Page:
Anavex stock sinks 30% as lead asset fails to improve Rett syndrome in children
Anavex Life Sciences’ lead asset has failed to significantly improve disease characteristics in a pediatric Rett syndrome trial, with the company pointing the blame toward a high placebo effect.
The New York City-based biotech’s stock cratered 30% since the data was shared earlier today, tumbling from $9.32 per share at market close Friday to $6.55 as of 10:30 a.m. ET.
The topline results come from a double-blind, placebo-controlled, phase 2/3 trial dubbed EXCELLENCE. The study evaluated daily 30 mg doses of ANAVEX 2-73—an orally available molecule also known as blarcamesine—in 92 pediatric patients with Rett syndrome (RTT), a rare non-inherited genetic neurodevelopmental disorder that occurs mostly in girls. There currently aren’t any disease-modifying therapies that tackle the genetic root cause of the condition on the market.
Sixty-two patients received the investigational treatment while 30 were randomized to the placebo arm. According to Anavex, the study’s co-primary endpoints were improvement as measured by two scales: a 45-item questionnaire filled out by the patients’ caregivers and an assessment completed by clinical site investigators using seven-point scoring, both conducted after 12 weeks. According to ClinicalTrials.gov, the primary endpoints were improvement as measured by the 45-item scale and incidents of adverse events.
Anavex said that the therapy “showed improvement” on the 45-point scale, which was the key co-primary endpoint, and did not meet statistical significance on the other seven-point improvement scale.
In an ad-hoc analysis, mean differences between patients receiving the placebo versus ANAVEX 2-73 were not statistically significant for either scoring system at 12 weeks. Anavex also said that a secondary endpoiny rating anxiety, depression and mood “trended favorably.”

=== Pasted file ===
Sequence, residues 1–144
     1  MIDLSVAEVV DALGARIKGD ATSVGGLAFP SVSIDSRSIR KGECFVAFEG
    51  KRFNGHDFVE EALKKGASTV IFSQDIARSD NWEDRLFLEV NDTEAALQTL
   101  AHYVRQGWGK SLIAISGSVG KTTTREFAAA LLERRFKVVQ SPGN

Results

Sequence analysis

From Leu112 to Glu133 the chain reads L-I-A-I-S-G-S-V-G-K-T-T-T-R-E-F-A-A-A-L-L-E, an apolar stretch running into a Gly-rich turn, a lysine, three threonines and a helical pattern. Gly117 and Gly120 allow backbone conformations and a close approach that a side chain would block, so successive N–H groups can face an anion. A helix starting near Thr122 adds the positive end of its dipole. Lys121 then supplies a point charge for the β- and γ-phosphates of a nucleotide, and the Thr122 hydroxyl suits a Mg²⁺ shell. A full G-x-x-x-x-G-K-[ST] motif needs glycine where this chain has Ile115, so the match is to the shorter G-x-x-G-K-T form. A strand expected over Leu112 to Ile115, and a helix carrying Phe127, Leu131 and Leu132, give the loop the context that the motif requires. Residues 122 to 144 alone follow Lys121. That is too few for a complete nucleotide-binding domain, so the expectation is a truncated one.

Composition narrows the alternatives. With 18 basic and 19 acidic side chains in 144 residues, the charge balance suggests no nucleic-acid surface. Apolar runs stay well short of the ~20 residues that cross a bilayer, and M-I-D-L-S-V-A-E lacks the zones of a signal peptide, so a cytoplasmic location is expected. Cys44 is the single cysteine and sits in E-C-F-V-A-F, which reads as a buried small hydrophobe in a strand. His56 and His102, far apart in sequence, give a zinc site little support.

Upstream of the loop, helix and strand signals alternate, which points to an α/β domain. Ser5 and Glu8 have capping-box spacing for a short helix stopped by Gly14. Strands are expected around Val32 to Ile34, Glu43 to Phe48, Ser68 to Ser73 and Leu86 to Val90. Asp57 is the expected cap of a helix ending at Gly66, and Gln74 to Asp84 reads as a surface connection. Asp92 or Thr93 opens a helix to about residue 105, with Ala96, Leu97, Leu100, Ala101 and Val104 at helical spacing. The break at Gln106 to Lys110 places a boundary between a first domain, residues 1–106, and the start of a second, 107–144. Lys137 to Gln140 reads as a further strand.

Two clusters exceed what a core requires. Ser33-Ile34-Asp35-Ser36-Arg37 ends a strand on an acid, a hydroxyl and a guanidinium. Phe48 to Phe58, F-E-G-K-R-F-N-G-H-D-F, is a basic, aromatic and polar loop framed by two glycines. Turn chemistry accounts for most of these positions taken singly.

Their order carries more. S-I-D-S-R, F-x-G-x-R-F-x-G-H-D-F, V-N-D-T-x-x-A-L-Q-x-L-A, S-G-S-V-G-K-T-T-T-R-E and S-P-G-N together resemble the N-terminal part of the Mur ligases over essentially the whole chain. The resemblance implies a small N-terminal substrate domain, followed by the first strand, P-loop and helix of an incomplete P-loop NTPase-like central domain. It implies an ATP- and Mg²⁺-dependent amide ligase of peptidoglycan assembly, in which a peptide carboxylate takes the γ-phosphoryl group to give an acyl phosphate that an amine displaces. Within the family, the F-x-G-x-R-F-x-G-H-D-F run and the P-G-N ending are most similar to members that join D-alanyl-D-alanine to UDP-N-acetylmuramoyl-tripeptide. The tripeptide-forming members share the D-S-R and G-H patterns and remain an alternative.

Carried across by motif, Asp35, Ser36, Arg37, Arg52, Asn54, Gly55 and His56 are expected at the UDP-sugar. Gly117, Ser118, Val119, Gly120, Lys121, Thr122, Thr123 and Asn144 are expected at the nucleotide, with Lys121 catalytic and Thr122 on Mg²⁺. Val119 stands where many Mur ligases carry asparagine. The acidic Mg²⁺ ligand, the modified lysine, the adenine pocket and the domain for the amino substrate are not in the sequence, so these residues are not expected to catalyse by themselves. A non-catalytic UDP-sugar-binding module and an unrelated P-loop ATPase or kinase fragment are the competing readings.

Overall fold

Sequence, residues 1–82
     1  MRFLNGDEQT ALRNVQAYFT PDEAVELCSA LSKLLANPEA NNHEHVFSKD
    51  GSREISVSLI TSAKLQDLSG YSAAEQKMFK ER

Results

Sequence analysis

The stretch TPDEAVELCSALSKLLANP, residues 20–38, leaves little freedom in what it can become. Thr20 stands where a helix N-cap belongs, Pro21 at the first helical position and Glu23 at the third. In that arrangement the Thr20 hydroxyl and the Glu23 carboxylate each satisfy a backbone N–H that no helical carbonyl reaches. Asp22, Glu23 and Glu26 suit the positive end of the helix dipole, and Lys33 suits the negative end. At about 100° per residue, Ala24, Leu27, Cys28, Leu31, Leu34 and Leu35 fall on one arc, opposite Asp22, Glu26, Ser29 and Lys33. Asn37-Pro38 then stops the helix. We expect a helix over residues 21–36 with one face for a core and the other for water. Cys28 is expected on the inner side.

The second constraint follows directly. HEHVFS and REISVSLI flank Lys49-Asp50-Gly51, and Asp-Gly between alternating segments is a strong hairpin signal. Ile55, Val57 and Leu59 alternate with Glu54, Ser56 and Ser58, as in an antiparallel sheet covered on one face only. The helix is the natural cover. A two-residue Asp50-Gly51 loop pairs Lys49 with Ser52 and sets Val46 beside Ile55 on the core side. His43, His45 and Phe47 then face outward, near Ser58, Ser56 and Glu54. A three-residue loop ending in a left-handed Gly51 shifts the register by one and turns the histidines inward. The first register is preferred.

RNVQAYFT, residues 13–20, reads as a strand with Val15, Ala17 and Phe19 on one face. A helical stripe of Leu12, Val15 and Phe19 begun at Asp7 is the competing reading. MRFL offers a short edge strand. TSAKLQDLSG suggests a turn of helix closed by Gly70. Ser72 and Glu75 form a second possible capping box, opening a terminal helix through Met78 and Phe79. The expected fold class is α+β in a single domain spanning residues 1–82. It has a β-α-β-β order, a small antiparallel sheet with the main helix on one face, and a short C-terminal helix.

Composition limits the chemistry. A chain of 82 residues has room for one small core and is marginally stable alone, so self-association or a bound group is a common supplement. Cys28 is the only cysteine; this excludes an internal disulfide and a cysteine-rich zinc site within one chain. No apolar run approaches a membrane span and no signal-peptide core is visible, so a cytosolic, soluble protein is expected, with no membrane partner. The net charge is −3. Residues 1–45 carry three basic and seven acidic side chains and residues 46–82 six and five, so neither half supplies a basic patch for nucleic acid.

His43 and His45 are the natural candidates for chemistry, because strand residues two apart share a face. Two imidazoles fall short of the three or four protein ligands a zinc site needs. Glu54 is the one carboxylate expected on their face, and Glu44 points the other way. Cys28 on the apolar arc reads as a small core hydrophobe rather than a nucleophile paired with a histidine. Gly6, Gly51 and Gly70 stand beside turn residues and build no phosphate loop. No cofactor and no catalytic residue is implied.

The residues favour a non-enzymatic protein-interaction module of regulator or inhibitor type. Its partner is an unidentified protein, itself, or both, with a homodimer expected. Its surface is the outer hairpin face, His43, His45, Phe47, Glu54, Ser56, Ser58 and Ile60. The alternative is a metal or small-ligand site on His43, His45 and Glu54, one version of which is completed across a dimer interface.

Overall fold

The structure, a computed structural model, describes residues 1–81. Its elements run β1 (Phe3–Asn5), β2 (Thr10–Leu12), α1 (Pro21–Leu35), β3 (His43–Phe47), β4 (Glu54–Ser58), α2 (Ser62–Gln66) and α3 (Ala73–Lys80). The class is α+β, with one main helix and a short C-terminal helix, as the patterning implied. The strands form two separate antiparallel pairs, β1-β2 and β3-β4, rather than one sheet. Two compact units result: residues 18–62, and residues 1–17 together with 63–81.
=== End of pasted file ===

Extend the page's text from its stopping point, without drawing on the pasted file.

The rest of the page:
Despite the failure, Anavex is still touting improvements in certain areas for Rett syndrome, like particular repetitive movements, nighttime disruptive behaviors and social avoidance. The company blamed placebo performance for the failure.
“Although data analysis is ongoing, the early conclusion is that the placebo rate could have been higher in the study due to a slight imbalance in disease severity at baseline, across the treatment arms, and the 2 to 1 drug to placebo randomization ratio,” Walter Kaufmann, M.D., Anavex’s chief scientific officer said in a Jan. 2 release. “We intend to further assess the collective results and discuss with the regulatory authorities next steps.”
A preliminary review of safety data found no new safety signals in the EXCELLENCE study, according to Avanex, which is also studying the therapy in adults with Rett syndrome, as well as in patients with Fragile X syndrome and Parkinson’s disease.
Most patients completing the trial have continued on to a 48-week open-label extension, which is ongoing. The FDA has tagged ANAVEX 2-73 with fast track designation, rare pediatric disease designation and orphan drug designation for treating Rett syndrome.
“Based on these study results, we will continue to be committed to the Rett syndrome and rare disease community, given also the prior successful two placebo-controlled studies in adult patients with Rett syndrome,” said Avanex CEO Christopher Missling, Ph.D.
The biotech came under fire in 2022 after touting a phase 3 win for adults with Rett syndrome after changing the study’s phase and main goals.